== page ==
Learning to Deal With Seasonal Affective Disorder
Seasonal Affective Disorder or SAD is a type of depression connected to the changes in season and the amount of light that is present each day. It can deplete one’s energy and can cause one to experience strange, unexplained changes in mood. Many people that experience this disorder will feel its effects during the fall and winter months when the days are shorter, and there is less sunlight. It can be especially difficult for those who live in states with harsh winters. However, many people may not realize that it is possible to experience SAD in the spring and summer as well. It is often referred to as “summer depression.“ Luckily, there are things that can be done to help cope.
Recognizing the Signs of Seasonal Depression
There are some common symptoms of SAD linked to spring and summer. They include:
- Insomnia or trouble sleeping
- No longer finding enjoyment from the hobbies, you once loved
- Feeling the need to withdraw from friends and family
- Feeling tired throughout the day
- Changes in appetite
- Trouble focusing
- Lapses in memory
- Unusual anger or agitation
- Thoughts about suicide
Understanding Why This Occurs
There are a lot of factors that can play into why someone will experience this disorder during the spring or summer months. Some common causes include:
#1.) Changes in Daylight and Temperature: Not everyone enjoys the higher temperatures that come with the spring and summer months. In fact, some people may find that the heat makes it more difficult for them to fall asleep and get good quality rest throughout the night. They may find themselves tossing and turning throughout the night while feeling overheated. Additionally, the sun stays out for much longer during the spring and summer months. This can make it difficult to sleep, especially for those who need to go to bed early, so they wake up early for work or school. Also, because the sun helps provide energy, some people may find it harder to get their brains to relax and prepare for sleep.
#2.) Changes in Brain Chemicals: When someone spends time out in the sunlight, a brain chemical called serotonin is activated. Serotonin helps regulate many essential brain functions such as one’s mood, emotions, and even digestion. While serotonin is an essential chemical, too much of it can lead to problems such as restlessness and anxiety.
#3.) Seasonal Allergies: It is common to experience allergies in the spring and summer months. While for some people, this is nothing more than a nuisance, for others, it can be quite debilitating. It can make it more difficult for them to keep up with work or school and impact the overall quality of their lives. It can even lead to feelings of anxiety and depression.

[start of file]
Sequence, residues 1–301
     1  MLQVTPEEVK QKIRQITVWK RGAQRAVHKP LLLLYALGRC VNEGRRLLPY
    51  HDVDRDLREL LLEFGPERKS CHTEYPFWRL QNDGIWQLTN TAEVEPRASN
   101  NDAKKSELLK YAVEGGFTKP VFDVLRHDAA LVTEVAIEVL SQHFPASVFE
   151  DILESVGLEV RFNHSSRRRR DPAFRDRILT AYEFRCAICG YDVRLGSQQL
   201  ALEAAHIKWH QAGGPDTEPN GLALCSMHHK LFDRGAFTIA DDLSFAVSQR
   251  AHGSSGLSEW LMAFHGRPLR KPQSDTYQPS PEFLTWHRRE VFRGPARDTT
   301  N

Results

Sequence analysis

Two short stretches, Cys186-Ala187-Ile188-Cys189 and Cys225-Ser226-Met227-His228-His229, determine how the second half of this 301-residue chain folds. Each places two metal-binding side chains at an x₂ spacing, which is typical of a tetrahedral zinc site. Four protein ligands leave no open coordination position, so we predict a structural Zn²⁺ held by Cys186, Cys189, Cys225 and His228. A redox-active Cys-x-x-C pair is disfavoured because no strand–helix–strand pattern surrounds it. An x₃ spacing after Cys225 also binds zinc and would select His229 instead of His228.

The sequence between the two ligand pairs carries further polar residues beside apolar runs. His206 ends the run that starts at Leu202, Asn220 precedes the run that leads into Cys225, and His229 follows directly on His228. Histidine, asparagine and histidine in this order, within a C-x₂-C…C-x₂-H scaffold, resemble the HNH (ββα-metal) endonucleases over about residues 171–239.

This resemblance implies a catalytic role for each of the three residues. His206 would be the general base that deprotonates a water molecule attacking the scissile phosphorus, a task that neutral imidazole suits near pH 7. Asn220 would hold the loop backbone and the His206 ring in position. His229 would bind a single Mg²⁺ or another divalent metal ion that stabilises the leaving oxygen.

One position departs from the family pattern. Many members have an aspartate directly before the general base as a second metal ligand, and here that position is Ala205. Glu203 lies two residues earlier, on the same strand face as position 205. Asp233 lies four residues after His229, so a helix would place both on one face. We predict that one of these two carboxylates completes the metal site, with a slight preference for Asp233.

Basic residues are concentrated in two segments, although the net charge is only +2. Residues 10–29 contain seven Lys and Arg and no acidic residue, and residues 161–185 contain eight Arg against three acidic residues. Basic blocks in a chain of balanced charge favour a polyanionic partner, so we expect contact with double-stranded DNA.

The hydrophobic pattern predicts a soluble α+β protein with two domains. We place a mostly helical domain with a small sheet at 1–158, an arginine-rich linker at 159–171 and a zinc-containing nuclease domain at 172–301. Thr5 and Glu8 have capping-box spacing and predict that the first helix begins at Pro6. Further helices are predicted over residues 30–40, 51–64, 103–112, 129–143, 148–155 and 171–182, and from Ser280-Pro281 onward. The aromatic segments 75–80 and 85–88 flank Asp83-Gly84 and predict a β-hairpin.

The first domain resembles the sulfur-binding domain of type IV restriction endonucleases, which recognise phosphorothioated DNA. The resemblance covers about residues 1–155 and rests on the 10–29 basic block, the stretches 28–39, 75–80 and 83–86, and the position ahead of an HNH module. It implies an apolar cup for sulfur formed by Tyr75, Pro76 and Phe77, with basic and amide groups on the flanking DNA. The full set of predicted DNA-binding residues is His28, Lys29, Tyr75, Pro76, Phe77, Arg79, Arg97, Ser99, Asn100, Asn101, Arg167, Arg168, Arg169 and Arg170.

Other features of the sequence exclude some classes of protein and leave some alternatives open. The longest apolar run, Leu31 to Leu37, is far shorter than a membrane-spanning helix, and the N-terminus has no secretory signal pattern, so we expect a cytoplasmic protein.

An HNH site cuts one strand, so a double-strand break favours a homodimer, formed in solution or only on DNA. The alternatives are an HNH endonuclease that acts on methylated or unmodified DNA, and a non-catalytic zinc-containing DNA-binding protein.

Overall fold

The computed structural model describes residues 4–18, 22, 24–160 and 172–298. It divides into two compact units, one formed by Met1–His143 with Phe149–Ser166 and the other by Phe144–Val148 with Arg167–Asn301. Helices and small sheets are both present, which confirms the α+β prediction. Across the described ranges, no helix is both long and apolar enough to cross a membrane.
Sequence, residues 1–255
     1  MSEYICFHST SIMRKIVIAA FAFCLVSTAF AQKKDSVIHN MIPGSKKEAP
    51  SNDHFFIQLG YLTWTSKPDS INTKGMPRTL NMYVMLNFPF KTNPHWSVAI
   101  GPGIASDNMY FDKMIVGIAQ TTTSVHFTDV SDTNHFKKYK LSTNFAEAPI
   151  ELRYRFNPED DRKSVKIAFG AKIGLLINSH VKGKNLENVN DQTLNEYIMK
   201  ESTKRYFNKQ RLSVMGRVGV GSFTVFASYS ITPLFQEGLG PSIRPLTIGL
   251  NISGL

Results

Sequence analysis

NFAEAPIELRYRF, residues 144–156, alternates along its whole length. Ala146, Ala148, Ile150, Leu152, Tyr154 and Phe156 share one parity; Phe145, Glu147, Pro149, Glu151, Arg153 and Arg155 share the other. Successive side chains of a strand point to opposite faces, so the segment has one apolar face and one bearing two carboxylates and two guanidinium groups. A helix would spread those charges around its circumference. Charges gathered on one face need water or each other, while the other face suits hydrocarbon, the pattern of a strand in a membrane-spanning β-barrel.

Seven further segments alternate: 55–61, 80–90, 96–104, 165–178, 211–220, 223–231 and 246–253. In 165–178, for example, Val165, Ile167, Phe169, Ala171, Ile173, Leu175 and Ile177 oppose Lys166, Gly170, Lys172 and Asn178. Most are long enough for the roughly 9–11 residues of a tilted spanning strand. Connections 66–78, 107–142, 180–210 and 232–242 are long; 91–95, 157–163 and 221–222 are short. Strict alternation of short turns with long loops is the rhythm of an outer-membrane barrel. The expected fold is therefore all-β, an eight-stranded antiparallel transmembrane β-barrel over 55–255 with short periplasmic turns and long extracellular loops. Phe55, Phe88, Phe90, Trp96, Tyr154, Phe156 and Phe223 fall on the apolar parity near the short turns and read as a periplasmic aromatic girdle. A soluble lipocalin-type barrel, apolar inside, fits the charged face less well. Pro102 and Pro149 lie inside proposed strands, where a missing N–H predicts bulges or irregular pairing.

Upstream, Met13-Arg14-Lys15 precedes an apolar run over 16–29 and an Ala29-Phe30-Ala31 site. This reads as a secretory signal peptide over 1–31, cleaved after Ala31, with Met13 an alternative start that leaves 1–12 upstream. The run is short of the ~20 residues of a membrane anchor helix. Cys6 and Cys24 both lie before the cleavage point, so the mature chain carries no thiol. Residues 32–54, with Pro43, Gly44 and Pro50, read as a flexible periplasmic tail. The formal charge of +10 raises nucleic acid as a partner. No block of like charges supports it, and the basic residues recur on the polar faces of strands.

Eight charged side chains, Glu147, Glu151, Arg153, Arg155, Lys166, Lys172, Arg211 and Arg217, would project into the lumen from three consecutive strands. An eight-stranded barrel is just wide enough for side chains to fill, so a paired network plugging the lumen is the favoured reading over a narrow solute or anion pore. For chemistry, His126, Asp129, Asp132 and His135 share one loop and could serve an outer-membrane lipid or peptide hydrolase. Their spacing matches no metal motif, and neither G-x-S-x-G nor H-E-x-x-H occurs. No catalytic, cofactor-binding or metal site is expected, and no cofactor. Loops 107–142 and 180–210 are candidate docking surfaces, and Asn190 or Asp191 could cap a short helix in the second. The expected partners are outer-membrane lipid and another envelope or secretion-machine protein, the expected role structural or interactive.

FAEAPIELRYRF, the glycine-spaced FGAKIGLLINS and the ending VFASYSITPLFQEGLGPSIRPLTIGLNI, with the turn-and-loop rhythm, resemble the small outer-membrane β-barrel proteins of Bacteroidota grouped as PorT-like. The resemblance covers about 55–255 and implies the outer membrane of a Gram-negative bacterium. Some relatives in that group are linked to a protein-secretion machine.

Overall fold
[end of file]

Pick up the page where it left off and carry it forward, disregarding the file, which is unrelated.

There are some other factors that could also potentially play into this disorder, such as family history or geographical location. Additionally, women are typically more likely to experience this disorder than men.
Coping With Seasonal Depression in the Spring and Summer
#1. One of the most important things you should be doing to combat seasonal depression is to practice good sleep habits. If the daylight is keeping you up at night or causing you to wake up too early, consider investing in some black-out curtains or a sleeping mask. You’ll also want to ensure that you keep as firm a sleep schedule as possible. This involves going to bed at the same time each night and waking up at the same time each morning.
#2. Avoid going on your phone or watching television right before bed. This can not only lead to unnecessary stress, but the light from the screen can also make your brain more alert, so it will be harder to fall asleep. Instead, consider reading a chapter of a book or doing some journaling before bed.
#3.) Make sure that you are getting regular exercise every day. This can help tire you out so that you fall asleep quicker.
#4.) Ensure that you are eating healthy, well-balanced meals. Our diet has a significant impact on mental health, and if you’re not eating well, it may be triggering anxiety or depression.
#5.) Be sure to let your primary care physician know about what you are experiencing. They can help provide a diagnosis and offer treatment if necessary. They may recommend therapy which can be very beneficial to those struggling with this disorder. A therapist can help you work through your emotions and identify changes that you can make within your life to help alleviate the problem. They can also help you begin to think more positively about this time of the year.
Seasonal Affective Disorder is very common and is often experienced in the fall and winter months when it is cold outside, and there is less daylight. However, it is possible to experience this disorder in the spring and summer months as well. Some common symptoms of this disorder include trouble sleeping, changes in appetite, low energy, and unusual anger or agitation. There are several factors that play into why someone experiences this type of disorder. They include changes in daylight and temperature, changes in brain chemicals, and in some cases, seasonal allergies. You can learn how to cope with this disorder by practicing good sleep habits, staying away from technology before bed, eating healthy, and exercising regularly. You may also consider investing in therapy. At Achieve Concierge, we want to help you obtain peak mental health. Call (858) 221-0344 to learn more.
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